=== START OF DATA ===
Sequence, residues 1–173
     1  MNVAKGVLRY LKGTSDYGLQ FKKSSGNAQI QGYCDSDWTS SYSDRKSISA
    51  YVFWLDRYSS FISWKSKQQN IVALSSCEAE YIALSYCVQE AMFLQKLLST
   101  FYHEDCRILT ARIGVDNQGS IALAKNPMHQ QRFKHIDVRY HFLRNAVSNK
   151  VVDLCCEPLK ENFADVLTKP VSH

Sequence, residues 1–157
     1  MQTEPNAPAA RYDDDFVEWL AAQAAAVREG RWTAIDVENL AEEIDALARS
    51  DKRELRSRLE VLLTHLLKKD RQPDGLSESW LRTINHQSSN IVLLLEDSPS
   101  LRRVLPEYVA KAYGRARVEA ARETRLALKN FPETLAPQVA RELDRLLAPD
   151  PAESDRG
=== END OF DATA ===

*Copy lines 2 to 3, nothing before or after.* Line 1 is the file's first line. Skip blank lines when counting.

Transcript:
     1  MNVAKGVLRY LKGTSDYGLQ FKKSSGNAQI QGYCDSDWTS SYSDRKSISA
    51  YVFWLDRYSS FISWKSKQQN IVALSSCEAE YIALSYCVQE AMFLQKLLST